"Good morning, Steven. How was your sleep?" Steven's grandmother, an elderly woman with curly grey hair and thick glasses asked in a chipper voice. Sitting on the couch, still dressed in pajamas with a bowl of cereal on her lap, she waved him over.
The television was on, hosting the face of a news reporter going on about how messed up the world was. Lowering the volume, she made room for him on the couch and he hobbled over to her.
"Good morning," he yawned, scratching his back before taking a seat. Plopping himself down on the couch, he sunk into the cushions. "Not so good."
"We heard a lot of moving around last night, your grandfather found you sleepwalking in the kitchen." She put a spoonful of Shreddies in her mouth before continuing. "Do you normally sleepwalk?"
Steven grimaced, reminded of the horrible nightmare. "Sometimes," he lied, not wanting to make a big deal out of it. "Hopefully I didn't make too much noise."
She only smiled at him in that grandmotherly way, her head slowly moving from side to side. "We only heard your footsteps, dear." Again, she took another bite, swallowing before continuing. "Do you have any plans today?"
"I'm going to go visit my father today, other then that, no." He slowly got back up, hoping to take a quick shower before driving to the hospital.
"Do you want us to come with you?"
Smiling, he told her 'no'. Right now, all he wanted was some time alone with his father. Perhaps he would even share with him the 'dreams' that he was having-he needed to talk with someone about them before he would burst from keeping the secret all to himself.
The only other person that knew, being Julia, was currently in a coma.
I could go to Alberta, he thought as he left the living room, making a beeline for the washroom. The thought had entered his mind more then once, it had been plaguing him. Really, the only thing holding him back was his father.
Although he could do nothing to stop him, Steven wasn't going to abandon him. Even for Julia, Steven would not waste away the last days of his father's life, if he was actually going to pass away. He was still holding onto hope that he would pull out of the cancer, not a miracle really, just his father overcoming the cancer. Sheer will power.
If only he wasn't deluded with the idea of Heaven, perhaps he would cling onto life a little harder.
Steven entered the washroom, closing and locking the door behind him. Beside him, a mirror was fastened to the wall, hiding a small cubby where combs and toothbrushes were held.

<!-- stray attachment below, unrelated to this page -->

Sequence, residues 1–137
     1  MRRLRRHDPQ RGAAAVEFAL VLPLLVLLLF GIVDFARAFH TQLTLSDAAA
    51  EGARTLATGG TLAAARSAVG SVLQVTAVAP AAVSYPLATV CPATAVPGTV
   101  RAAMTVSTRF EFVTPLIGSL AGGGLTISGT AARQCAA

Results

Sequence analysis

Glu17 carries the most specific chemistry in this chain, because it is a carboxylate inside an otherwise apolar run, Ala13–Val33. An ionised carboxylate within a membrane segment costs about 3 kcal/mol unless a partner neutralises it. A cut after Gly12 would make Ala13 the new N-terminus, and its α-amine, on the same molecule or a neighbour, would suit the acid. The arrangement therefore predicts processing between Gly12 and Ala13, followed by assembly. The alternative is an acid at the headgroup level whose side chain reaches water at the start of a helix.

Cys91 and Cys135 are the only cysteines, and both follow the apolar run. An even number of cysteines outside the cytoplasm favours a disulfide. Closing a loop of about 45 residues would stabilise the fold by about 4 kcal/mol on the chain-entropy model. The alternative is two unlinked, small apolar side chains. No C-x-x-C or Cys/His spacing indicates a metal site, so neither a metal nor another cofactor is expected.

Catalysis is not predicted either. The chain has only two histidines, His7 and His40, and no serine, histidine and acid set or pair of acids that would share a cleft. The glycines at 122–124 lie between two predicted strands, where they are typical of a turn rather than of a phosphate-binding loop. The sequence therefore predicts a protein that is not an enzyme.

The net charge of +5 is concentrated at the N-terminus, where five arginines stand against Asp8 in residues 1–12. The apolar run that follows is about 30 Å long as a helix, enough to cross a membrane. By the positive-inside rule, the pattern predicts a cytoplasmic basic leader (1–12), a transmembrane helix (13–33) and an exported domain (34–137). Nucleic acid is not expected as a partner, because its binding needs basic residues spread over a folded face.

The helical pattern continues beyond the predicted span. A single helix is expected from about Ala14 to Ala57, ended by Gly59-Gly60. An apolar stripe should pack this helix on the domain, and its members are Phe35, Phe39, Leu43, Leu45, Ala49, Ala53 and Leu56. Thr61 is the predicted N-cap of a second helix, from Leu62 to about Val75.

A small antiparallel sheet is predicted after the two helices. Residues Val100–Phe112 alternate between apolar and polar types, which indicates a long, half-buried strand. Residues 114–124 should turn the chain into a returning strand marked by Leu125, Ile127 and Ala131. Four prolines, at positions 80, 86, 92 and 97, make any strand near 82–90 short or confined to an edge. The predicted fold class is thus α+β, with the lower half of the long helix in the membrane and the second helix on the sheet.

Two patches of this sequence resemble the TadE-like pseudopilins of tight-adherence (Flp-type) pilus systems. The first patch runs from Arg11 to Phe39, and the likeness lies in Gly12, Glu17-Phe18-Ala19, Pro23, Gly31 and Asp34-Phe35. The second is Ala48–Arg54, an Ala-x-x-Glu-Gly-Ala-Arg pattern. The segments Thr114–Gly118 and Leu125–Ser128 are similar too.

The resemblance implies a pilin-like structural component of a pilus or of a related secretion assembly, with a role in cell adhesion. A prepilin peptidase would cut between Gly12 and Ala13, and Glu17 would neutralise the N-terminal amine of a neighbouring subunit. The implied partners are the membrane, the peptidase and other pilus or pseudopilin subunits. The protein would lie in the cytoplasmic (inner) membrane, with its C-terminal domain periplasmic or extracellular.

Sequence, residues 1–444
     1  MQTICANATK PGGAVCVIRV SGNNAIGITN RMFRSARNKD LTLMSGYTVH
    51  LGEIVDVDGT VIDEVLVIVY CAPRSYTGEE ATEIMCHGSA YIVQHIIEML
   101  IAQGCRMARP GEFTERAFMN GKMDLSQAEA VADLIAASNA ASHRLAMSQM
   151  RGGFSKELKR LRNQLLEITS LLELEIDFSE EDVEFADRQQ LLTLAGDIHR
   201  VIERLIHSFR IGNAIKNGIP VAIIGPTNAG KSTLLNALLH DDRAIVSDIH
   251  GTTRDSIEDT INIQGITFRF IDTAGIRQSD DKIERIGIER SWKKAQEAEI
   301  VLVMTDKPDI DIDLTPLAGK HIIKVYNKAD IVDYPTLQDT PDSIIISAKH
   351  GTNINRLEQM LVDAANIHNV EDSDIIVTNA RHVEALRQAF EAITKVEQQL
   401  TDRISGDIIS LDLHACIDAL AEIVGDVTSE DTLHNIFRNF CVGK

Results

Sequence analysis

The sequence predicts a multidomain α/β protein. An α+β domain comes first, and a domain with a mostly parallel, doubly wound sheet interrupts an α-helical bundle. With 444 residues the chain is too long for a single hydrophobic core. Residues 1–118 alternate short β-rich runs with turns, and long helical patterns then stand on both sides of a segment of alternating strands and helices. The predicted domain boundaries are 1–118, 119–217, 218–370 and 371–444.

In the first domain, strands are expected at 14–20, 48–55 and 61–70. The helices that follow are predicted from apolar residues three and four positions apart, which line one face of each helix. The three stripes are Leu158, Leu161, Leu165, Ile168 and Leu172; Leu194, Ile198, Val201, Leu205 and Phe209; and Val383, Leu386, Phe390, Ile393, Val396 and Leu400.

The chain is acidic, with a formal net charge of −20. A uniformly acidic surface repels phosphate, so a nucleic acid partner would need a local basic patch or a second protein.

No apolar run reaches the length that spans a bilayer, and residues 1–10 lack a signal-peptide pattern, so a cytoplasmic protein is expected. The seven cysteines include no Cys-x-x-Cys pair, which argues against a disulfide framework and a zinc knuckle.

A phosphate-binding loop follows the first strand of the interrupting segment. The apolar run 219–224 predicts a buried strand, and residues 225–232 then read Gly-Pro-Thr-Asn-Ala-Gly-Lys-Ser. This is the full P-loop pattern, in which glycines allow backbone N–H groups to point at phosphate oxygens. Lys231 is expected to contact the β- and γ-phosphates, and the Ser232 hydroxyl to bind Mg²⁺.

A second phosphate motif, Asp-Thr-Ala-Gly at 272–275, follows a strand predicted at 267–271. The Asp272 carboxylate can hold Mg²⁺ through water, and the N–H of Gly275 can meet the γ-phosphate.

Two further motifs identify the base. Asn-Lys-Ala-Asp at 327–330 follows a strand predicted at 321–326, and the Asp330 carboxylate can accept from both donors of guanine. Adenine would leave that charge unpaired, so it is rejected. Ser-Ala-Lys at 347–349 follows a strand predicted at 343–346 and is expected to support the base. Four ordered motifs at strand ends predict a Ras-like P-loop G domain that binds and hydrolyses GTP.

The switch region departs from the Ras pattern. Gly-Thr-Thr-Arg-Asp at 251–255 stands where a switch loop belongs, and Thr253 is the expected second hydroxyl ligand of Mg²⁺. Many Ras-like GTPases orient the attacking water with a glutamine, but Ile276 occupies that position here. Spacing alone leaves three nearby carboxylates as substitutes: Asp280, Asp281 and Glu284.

Ignoring the mirror, he opened a cabinet beside the shower stall, taking out two towels. One he threw on the floor, so that he could step on it when he was dripping wet, the other he hung nearby the shower stall to later dry himself off.
Ten minutes later, soaking wet, he stepped out of the shower.
His eyes finally landed on the mirror, which was covered in steam. Beneath the layer of steam, he could vaguely see the bathroom reflected in it.
Something was missing though.
Grabbing his towel, he dried off his hair and face, before wrapping it around his waist. His curiosity piqued by the mirror, he put his hand on it and wiped away some of the condensation before letting out a scream.
"No, no, no!" He ripped off his towel, drying more of the shiny surface off. Taking back his towel, his jaw dropped open. The towel fell to the floor, landing in a pile near the water that was dripping off Steven's trembling body.
He put his hand to his face, rubbing it slightly. "This is impossible, this cannot be, no. What is happening?" He put his face up against the mirror, hoping that all would be right.
Only, when he gaped at the mirror, he was still missing from it.
His reflection was gone.
The mirror showed perfectly all of the washroom before the steam began to cloud its surface once more. However, his entire body was cut out of the reflection-as if he were invisible.
A quick glance down confirmed that he was still there.
"Oh God, why is this happening?" The only thing he could imagine that would cause this to happen was those dreams. First the hallucinations, then that horrific, realistic memory, and now he was gone from the mirror.
Or was it just this one?
He wrapped his towel back around his waist, opened the bathroom door and ran towards his room. Inside, he went to his own mini-washroom, turned on the lights and moved hesitantly towards the mirror.
"Impossible." Just like the other mirror, he wasn't reflected in it. Everything else was, except for him. Touching the cold glass, he felt his stomach begin to tie into knots. Backing away from it, he began to shakily dress himself.
What could this mean?